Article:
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Bunge SA v Kyla Shipping Company - The Kyla

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The “Kyla” suffered a casualty whilst on a time charter. Repairs would have cost more than its sound market value but less than its insured value, a fixed figure which had been agreed in the charter . Owners contended that the time charter was frustrated because the cost of repairs exceeded the sound market value (but not the agreed insured value) and suggested that there was a principle of law to that effect. Owners’ claim succeeded in arbitration.
Charterers appealed on a question of law and were successful before Flaux J, who rejected the principle contended for by Owners and, applying general principles of frustration, decided that the charter had not been frustrated, because it provided for H&M insurance in an amount greater than the cost of repairs. Where the cost of repairs did not exceed the agreed insured value, Owners were obliged to repair the ship and ocntinue with the charter.
This case note has been contributed by Justin Gan Boon Eng, LLB (Hons) (NUS), an advocate and solicitor of the Singapore Bar
Finally, Bunge v Kyla emphasizes the link between clauses related to insurance and the allocation of contractual risks (see [79]). However, although an insurance clause is an important indication of the risk allocation arrangements in a contract, care should nonetheless be taken to consider the contract’s full provisions in detail before concluding that the risk of a particular event falls one way or another.
Kyla Shipping Shipping Company Limited v Bunge S.A.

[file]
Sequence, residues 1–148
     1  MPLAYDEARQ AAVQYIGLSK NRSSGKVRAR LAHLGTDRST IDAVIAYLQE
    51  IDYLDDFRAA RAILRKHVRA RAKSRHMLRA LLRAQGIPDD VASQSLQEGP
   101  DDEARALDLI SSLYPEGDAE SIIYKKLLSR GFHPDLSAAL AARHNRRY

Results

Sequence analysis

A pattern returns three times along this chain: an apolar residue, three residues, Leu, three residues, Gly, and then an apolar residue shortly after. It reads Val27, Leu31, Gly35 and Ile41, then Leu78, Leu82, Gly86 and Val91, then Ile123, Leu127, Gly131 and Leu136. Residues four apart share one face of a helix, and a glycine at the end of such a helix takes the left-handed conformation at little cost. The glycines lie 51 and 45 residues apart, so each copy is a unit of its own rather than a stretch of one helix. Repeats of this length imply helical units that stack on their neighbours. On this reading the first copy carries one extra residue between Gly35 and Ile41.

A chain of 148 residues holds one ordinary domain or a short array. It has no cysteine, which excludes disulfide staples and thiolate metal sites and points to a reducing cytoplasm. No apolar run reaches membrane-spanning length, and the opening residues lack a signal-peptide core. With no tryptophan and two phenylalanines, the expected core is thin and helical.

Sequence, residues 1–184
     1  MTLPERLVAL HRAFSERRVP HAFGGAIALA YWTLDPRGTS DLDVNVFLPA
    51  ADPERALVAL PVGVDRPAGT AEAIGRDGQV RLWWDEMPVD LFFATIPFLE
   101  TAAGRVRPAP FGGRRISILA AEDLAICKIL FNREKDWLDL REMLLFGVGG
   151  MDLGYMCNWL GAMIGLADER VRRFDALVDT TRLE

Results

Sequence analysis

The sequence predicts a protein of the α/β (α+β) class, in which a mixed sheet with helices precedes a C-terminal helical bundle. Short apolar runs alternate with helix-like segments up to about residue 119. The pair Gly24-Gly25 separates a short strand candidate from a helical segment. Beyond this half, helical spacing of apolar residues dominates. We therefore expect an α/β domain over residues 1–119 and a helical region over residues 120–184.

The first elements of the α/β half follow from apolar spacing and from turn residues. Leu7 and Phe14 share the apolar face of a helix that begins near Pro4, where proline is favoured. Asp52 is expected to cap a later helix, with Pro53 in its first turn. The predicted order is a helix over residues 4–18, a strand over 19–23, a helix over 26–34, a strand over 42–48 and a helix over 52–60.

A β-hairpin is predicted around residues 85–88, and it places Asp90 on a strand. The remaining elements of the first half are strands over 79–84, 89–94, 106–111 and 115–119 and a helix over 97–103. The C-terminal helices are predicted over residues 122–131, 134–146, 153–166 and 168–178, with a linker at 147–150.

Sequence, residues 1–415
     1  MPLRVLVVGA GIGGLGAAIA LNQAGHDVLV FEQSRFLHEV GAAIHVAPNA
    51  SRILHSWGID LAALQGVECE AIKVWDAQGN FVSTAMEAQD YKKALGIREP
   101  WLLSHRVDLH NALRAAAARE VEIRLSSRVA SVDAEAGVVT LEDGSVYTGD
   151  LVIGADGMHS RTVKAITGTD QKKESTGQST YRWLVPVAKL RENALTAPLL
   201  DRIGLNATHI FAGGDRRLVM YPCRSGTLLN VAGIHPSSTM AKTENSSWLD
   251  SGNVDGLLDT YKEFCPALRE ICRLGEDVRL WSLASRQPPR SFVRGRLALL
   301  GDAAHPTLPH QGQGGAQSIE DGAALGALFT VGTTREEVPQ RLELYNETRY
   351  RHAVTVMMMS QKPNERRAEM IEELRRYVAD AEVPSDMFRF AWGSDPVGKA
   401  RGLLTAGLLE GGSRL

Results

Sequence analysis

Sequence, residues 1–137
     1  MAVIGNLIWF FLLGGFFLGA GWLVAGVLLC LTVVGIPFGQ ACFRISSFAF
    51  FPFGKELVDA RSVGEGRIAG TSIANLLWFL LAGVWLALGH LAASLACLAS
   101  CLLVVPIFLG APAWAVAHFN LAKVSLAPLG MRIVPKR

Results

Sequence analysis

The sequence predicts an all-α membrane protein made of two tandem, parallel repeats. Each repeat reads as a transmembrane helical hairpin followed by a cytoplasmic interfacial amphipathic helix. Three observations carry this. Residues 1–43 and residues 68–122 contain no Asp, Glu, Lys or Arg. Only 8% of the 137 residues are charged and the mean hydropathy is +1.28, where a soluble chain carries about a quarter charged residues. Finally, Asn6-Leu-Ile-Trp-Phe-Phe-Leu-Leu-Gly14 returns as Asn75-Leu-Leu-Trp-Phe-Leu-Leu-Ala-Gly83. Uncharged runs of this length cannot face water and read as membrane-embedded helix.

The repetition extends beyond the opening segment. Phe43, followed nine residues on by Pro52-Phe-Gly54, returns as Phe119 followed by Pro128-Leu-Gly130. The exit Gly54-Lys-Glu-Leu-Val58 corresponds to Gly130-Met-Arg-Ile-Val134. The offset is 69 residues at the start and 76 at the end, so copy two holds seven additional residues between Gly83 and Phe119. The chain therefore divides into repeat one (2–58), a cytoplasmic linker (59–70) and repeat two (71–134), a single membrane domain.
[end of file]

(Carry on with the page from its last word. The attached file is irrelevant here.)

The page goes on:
[2013] EWCA Civ 734 (Longmore and Gloster LJJ, Sir Robin Jacob)
Arbitration Act 1996 - Procedure - permission to appeal decision of Judge
Flaux J denied Owners permission to appeal his decision above, finding, amongst other matters, that it involved no question of general importance. Owners then applied to the Court of Appeal, challenging Flaux J's decision to refuse permission. Owners highlighted that when Hamblen J had initially granted Charterers leave to appeal the underlying award on a point of law, Hamblen J had found a question of general importance.
The Court of Appeal clarified that it had no jurisdiction to entertain such an application under Section 69(8) of the 1996 Act. However, it retained residual jurisdiction to set aside the Judge's refusal of permission if the refusal was not a 'decision' at all, that is, if the refusal of permission was tainted by bias, personal interest, or any substantial defect in the fairness of the proceedings. Significantly, an unreasoned decision can also be set aside (para.13).
The threshold for setting aside the Judge's refusal of permission is very high, and it does not appear that such an application has ever succeeded.
Owners' application was rejected. In doing so, the Court of Appeal emphasised that, when invoking the residual jurisdiction, it is "impermissible" to enter into the merits of the underlying decision. It also rejected Owners' submission that Flaux J had no jurisdiction to depart from Hamblen J's decision (which had in any case been made without the benefit of oral argument).

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